To many, Thanksgiving marks the beginning of the holiday season—a time for togetherness, cheer… and, unfortunately, 25% more U.S. waste generation than any other time in the year. Between Thanksgiving and New Year’s Day, Americans send an additional one million pounds of trash to landfill every week. And not to be overshadowed by the December celebrations, convenience-factor flatware choices, inevitable spill cleanup, and a feast’s worth of food scraps have made Turkey Day increasingly wasteful.  But, it doesn’t have to be.  By following a few simple tips for waste reduction and recycling, you’ll have the opportunity to make sustainability a Thanksgiving tradition.

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America Recycles Day is About Responsible Waste Management

Amidst criticism of America’s broken waste and recycling system, more headlines crop up each day doubting recycling’s efficacy. So, to mark America Recycles Day this Nov. 15th, RoadRunner is reframing the issue for sustainable businesses: Conventional recycling is actually a waste issue.

  This year alone, you may have seen a handful of headlines raising serious doubts about the practice of recycling. Is Recycling Worth It Anymore?, asks NPR.  Is Recycling a Waste?, questions CNBC. Recycling is not the answer, posits British Prime Minister Boris Johnson. But as America Recycles Day takes place as usual this November 15th, RoadRunner has a new message for sustainable businesses:  Conventional recycling may have its flaws, but pledging to harness its power—and learning to do it right—is a crucial component to overall responsible waste management.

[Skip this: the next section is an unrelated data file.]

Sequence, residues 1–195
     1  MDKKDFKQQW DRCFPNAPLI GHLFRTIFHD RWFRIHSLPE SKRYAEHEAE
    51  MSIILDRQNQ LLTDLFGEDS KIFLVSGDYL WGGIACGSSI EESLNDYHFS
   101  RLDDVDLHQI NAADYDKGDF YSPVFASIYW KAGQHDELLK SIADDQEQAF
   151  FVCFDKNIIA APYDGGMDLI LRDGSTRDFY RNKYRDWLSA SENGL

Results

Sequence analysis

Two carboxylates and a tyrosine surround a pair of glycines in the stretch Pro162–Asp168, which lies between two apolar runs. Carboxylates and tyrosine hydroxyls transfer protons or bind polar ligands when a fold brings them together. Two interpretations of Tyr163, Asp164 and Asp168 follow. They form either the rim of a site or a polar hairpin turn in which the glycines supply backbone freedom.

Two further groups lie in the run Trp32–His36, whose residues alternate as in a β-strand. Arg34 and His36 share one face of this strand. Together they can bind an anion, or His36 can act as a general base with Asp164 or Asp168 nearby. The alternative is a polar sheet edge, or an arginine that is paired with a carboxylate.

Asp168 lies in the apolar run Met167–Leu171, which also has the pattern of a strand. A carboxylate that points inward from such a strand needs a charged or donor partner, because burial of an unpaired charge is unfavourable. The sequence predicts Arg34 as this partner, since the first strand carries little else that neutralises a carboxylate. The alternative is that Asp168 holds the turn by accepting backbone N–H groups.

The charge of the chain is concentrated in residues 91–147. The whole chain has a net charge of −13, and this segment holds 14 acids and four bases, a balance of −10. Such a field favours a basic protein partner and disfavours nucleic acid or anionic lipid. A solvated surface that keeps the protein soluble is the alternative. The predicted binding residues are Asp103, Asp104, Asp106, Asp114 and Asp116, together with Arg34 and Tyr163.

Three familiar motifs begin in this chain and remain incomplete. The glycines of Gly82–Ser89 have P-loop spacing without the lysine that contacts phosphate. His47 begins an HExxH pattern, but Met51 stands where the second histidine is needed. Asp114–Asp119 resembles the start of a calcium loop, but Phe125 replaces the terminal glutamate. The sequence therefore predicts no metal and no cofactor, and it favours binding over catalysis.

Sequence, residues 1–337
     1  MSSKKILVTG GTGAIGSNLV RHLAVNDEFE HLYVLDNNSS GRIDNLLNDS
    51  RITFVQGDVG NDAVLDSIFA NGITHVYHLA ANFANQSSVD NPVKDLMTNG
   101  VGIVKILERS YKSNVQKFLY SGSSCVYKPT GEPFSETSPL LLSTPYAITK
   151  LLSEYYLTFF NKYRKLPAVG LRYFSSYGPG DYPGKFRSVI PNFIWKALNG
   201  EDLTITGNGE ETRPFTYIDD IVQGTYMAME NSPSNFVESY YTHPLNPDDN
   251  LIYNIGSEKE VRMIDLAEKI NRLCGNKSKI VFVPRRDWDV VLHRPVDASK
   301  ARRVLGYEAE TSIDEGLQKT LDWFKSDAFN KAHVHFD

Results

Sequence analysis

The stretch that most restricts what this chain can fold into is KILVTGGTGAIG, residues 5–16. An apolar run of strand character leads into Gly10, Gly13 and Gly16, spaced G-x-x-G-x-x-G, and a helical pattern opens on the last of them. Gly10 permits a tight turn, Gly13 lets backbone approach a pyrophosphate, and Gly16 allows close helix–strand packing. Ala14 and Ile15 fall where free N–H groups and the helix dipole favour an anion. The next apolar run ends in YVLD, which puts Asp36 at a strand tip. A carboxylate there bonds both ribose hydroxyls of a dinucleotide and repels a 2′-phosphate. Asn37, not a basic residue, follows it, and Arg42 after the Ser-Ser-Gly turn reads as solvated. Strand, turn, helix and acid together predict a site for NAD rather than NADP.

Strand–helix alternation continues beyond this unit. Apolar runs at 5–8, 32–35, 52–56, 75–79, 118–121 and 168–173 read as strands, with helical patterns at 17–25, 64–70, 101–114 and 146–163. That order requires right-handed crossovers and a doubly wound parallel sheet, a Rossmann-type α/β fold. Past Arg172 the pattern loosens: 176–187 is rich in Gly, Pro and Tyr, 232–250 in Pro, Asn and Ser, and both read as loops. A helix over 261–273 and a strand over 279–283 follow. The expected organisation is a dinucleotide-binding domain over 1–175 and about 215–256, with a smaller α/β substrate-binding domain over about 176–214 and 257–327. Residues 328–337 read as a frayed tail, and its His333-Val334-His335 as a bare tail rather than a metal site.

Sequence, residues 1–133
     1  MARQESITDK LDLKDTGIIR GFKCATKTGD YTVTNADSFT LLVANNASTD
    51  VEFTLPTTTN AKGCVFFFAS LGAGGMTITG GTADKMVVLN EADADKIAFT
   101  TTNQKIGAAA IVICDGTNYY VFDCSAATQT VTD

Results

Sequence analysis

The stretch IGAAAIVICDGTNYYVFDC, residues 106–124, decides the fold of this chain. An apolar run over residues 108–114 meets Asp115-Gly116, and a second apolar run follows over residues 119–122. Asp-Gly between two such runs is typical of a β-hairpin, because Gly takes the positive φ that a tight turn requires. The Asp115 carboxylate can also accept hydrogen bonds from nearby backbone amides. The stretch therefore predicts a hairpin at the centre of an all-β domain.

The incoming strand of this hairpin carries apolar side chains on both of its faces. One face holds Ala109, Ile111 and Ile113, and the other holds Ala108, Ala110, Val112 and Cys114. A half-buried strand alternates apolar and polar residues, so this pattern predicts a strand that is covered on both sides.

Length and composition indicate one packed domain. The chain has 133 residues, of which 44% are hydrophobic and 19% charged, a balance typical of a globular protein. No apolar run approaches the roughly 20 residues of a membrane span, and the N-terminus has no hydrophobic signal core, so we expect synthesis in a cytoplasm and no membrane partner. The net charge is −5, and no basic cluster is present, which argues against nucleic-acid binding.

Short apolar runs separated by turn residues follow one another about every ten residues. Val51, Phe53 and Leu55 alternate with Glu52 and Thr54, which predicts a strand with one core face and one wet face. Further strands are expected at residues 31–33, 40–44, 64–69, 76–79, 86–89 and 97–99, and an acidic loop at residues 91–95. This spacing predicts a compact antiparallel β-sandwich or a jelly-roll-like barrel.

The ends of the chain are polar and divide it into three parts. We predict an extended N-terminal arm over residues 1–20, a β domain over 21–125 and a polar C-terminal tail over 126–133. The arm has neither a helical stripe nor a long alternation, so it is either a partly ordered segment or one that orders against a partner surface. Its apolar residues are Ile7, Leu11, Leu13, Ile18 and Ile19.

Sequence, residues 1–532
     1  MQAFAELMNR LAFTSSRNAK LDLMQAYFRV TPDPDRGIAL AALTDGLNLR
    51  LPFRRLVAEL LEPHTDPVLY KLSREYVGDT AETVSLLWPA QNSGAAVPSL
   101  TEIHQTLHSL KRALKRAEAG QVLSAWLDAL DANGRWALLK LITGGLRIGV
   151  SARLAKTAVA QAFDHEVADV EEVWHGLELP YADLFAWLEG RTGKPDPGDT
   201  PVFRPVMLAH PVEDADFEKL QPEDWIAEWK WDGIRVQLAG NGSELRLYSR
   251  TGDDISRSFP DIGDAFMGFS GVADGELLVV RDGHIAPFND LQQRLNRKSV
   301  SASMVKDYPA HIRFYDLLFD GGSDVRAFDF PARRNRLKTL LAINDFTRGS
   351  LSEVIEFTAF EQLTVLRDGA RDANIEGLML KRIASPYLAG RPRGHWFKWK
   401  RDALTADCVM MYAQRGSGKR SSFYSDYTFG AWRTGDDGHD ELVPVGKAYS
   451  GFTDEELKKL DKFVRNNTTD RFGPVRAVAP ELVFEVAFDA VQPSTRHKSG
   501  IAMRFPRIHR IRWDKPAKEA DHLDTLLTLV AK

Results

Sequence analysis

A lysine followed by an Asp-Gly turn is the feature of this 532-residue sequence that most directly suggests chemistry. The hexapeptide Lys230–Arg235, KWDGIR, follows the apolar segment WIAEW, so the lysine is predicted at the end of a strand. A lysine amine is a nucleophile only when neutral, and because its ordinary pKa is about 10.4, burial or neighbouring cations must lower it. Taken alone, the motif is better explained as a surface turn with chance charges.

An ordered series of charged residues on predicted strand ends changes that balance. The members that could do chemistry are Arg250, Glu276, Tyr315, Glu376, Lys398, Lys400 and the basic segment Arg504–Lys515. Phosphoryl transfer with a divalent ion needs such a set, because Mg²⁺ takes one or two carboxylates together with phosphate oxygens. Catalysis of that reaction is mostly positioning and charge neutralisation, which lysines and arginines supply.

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What's the Difference Between Upcycling and Downcycling?

For manufacturers and producers, time is money and haste makes waste. But what if time was invested to transform trash into treasure? While recycling is the de facto choice for circularity, many companies are turning to “upcycling” and “downcycling” to reduce burgeoning waste management fees and cut their carbon footprint.

  In American manufacturing, operations make margins by making haste. And all along the products’ life cycles—design to production to consumption—that urgency creates costly waste. It’s no secret that waste is a problem for the United States. Despite accounting for only 4% of the global population, the U.S. accounts for nearly 12% of global waste production and recycles significantly less (about 32%) than any other developed nation. Part of our shortcomings have stemmed from a myopic view of recycling. While the most common form of recycling sees products broken down and formed into the same or similar products, the practices of “upcycling” and “downcycling” have become creative and sustainable ways to employ valuable materials and preserve natural resources. From residual food and textile scraps to plastic bags and old cardboard, the second life for many materials is a fork in the road—and, up or down, both lead to an opportunity to drastically reduce waste.

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Understanding CSR and the Triple Bottom Line

With temperatures rising and brand reputations at stake, the triple bottom line is at the center of both private and public sector discussion. We explain why equally prioritizing people, planet, and profit is the future of corporate social responsibility.